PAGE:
Mundell thinks huge numbers of refugees are unlikely to be sent to places like Shetland due to the specialist services they may need to access.

Asked if the UK Government, which controls who comes in and out of the country, could do more to enable communities that wish to help out, Mundell responded: “We are open to all offers of help, and we’re coordinating that in Scotland through COSLA and working closely with the Scottish Government.

“What is clear is that the people that are coming will need a lot of help and support, and you really do need a critical mass of support to be available to ensure that can be delivered.”

He said people who have experienced extreme trauma such as sexual violence would need to be catered for in areas where the appropriate treatment services were available.

“So whilst it’s not impossible that people could come to Shetland or indeed rural communities, it’s less likely because of the high level of ongoing support that they’ll need.

“But I’m sure that Shetland council, working with other councils in COSLA across Scotland, will be able to contribute to the exercise. But it won’t be done on the sort of divvying up of people on a pro-rata basis. It’ll be looking at the needs that people have and how those can be best met.”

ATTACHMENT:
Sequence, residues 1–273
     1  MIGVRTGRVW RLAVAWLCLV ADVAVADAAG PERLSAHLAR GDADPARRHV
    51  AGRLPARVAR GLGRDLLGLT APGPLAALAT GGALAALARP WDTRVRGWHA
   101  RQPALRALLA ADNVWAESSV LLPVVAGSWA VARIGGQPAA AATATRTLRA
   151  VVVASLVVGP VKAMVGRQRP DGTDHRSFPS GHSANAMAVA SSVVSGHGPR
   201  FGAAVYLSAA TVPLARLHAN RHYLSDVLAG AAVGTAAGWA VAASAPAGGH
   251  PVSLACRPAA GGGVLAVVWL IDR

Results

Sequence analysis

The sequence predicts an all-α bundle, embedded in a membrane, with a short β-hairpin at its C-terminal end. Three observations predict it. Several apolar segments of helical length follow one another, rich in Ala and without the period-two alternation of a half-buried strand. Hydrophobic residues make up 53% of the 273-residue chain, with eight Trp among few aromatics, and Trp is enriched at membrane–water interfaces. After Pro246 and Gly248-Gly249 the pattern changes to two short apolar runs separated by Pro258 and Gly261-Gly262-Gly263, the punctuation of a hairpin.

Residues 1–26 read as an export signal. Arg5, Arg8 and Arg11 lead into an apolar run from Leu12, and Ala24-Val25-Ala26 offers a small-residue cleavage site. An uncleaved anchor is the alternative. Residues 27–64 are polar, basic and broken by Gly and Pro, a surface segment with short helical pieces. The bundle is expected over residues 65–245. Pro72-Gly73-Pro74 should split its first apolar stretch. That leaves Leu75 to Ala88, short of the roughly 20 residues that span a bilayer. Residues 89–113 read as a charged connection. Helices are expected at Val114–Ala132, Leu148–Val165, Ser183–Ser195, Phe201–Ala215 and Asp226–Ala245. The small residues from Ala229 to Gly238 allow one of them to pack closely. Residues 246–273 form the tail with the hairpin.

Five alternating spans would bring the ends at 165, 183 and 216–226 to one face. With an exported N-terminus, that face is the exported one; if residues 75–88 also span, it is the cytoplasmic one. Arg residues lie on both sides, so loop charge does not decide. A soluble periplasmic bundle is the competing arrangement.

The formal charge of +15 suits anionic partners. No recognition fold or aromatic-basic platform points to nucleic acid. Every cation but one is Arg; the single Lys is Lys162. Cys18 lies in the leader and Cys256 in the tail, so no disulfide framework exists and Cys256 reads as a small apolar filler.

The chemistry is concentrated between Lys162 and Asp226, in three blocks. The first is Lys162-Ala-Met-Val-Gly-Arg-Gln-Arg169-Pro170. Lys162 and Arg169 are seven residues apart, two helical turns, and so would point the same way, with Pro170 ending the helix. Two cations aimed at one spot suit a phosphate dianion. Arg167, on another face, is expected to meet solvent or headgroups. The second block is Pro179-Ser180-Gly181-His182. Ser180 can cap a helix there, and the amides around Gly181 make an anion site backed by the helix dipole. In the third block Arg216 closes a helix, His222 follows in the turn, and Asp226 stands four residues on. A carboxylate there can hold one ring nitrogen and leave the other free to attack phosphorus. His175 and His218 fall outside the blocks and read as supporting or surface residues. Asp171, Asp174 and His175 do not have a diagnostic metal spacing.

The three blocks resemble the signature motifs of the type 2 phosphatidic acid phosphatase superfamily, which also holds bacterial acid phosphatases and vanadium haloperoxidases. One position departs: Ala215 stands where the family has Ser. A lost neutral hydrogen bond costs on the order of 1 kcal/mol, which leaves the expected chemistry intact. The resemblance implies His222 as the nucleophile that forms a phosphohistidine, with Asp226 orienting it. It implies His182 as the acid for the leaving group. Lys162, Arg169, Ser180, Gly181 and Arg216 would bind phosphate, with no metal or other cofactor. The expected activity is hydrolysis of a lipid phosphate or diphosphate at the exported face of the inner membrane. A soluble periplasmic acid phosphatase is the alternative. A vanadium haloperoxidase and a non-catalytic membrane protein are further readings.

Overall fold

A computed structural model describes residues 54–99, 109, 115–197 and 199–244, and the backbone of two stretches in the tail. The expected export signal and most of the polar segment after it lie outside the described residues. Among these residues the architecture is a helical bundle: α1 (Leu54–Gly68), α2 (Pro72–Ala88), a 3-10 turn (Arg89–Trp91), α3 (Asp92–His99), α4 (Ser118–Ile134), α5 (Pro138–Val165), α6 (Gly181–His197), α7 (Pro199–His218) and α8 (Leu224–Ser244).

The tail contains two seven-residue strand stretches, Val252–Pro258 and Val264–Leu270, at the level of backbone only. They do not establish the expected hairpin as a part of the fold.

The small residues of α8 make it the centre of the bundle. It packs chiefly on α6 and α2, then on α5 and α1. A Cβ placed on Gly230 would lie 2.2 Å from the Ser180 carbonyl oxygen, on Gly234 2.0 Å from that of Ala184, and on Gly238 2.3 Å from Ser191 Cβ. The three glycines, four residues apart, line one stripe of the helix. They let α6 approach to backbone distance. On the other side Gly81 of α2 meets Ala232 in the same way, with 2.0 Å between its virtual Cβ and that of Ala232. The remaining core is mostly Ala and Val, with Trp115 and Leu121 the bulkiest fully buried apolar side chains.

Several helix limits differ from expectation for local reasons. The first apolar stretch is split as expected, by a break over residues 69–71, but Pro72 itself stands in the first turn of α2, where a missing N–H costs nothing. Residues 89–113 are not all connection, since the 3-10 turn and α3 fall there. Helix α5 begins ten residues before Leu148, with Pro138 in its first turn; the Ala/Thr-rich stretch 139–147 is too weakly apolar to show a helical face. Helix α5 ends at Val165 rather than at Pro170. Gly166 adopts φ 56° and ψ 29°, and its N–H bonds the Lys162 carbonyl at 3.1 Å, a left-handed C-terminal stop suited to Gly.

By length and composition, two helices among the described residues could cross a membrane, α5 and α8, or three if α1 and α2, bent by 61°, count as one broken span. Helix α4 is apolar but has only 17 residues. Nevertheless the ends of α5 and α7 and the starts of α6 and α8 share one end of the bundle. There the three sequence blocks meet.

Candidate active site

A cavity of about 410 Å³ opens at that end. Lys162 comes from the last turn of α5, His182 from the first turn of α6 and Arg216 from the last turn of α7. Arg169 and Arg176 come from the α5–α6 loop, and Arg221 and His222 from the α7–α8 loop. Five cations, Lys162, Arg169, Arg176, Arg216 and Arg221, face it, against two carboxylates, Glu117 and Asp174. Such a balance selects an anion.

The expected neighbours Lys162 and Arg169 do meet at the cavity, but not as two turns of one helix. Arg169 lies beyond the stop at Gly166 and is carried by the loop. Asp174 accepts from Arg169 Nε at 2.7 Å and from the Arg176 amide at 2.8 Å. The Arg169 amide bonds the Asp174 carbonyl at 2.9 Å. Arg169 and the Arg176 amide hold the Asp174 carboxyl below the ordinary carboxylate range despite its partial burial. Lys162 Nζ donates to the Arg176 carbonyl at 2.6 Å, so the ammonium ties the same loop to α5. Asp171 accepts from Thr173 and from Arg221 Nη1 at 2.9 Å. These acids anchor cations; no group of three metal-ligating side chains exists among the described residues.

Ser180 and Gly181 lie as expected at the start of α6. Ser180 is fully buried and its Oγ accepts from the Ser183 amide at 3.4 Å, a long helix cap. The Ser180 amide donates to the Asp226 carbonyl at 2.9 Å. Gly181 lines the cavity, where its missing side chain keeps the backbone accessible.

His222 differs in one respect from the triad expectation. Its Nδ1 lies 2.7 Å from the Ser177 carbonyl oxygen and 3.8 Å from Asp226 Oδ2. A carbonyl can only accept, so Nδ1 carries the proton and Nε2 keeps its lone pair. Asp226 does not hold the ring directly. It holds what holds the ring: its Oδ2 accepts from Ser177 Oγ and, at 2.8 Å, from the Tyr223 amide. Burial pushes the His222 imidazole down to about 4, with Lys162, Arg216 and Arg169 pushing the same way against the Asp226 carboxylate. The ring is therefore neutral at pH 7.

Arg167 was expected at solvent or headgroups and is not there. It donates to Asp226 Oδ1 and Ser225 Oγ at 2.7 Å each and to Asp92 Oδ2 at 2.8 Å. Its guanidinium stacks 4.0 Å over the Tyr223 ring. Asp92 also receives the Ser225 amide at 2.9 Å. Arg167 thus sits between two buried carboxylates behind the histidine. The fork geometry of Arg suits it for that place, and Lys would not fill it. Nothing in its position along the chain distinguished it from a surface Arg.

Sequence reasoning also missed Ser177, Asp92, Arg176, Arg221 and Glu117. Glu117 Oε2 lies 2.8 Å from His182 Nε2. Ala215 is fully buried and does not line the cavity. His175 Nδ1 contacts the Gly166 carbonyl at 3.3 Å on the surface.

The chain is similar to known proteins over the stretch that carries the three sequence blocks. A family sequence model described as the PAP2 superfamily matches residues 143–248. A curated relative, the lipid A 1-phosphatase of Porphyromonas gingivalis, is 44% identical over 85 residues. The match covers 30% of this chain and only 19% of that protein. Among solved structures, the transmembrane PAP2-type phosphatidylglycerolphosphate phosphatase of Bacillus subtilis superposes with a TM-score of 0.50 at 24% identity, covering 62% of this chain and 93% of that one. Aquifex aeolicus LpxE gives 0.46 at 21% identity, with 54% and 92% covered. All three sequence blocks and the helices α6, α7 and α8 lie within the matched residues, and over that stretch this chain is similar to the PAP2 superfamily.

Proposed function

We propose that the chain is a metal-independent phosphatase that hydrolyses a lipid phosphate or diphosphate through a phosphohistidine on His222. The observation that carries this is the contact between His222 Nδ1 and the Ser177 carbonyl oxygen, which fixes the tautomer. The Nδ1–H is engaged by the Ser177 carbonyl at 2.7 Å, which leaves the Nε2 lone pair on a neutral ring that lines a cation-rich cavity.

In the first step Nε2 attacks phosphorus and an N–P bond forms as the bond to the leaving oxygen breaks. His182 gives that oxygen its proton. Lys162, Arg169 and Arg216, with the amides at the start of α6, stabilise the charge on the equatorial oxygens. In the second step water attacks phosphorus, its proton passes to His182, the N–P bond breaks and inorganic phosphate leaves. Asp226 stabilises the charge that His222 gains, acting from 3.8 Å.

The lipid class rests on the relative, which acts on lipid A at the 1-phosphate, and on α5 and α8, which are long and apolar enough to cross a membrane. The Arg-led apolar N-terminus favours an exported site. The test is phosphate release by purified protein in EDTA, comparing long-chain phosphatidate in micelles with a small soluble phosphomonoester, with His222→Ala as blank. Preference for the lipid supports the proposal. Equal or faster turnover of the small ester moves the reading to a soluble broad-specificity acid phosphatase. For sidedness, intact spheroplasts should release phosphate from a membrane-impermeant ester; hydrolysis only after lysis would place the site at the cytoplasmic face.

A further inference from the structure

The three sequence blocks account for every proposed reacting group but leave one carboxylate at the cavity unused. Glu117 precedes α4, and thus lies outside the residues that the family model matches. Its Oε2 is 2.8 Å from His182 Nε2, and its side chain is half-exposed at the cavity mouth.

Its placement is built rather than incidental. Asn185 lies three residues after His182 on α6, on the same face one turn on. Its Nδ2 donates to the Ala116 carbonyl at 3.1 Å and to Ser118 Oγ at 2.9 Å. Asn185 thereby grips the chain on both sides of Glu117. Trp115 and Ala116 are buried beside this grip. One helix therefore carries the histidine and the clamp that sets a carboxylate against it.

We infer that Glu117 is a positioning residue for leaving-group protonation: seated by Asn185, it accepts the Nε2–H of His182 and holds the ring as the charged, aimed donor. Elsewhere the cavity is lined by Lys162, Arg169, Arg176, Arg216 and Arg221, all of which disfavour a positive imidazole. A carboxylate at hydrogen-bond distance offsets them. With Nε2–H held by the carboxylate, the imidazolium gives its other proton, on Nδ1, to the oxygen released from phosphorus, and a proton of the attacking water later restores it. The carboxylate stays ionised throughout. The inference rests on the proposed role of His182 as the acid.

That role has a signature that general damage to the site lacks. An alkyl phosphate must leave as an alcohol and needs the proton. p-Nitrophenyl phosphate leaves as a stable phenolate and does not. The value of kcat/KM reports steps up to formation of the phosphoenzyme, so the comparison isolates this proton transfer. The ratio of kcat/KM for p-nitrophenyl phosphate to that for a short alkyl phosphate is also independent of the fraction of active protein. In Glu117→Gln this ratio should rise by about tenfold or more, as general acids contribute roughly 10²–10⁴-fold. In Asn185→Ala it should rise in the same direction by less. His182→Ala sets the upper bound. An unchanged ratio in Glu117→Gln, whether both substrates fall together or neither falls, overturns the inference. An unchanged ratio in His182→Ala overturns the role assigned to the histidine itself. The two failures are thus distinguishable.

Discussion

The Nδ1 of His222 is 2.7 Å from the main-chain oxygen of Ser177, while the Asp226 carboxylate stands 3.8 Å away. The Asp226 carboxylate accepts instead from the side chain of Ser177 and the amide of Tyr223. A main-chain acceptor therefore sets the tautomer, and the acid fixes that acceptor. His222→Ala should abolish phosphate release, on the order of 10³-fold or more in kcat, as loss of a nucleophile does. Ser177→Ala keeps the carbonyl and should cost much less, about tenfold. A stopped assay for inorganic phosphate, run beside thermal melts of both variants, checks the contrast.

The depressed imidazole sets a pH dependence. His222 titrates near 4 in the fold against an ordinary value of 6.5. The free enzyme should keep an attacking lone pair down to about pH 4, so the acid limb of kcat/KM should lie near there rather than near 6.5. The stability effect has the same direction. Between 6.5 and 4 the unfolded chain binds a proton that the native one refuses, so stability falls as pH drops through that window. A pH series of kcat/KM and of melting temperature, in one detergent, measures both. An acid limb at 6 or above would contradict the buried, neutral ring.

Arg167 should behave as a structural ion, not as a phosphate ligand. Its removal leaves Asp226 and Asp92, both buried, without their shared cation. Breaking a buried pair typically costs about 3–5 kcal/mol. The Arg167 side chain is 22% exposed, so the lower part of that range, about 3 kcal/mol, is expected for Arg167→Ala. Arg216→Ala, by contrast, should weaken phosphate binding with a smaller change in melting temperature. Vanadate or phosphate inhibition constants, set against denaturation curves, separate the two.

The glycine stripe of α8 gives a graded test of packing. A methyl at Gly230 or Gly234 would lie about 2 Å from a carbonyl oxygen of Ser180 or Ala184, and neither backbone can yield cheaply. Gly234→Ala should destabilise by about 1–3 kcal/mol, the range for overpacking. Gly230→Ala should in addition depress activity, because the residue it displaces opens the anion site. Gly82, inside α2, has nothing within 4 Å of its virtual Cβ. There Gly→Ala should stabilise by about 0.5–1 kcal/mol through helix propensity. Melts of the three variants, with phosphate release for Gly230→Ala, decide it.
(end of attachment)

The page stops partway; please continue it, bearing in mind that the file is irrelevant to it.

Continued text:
Asked whether he felt the UK could do better than accepting 20,000 refugees in five years – numbers which pale in comparison to what some other Western European countries are accepting – Mundell replied: “Our priority, as the Prime Minister has set out this week, is to resolve the conflict in Syria so that people can go back to their own country.

“That’s what the resolution of this matter is, it isn’t about bringing everyone from the refugee camps to other parts of the world, it is about allowing them to return to their own country.”

However he conceded that the civil war in Syria, which began in March 2011 and has seen nearly 4 million people displaced and over 200,000 killed, would not be easily resolved.

“Obviously it’s clear from discussions at the UN that that still remains incredibly challenging because not least Russia doesn’t necessarily have the same views about how the situation might be resolved as other countries, but we’ve got to keep trying because that’s what people need – to be able to return to their own countries and to the lives they had before all of this began.”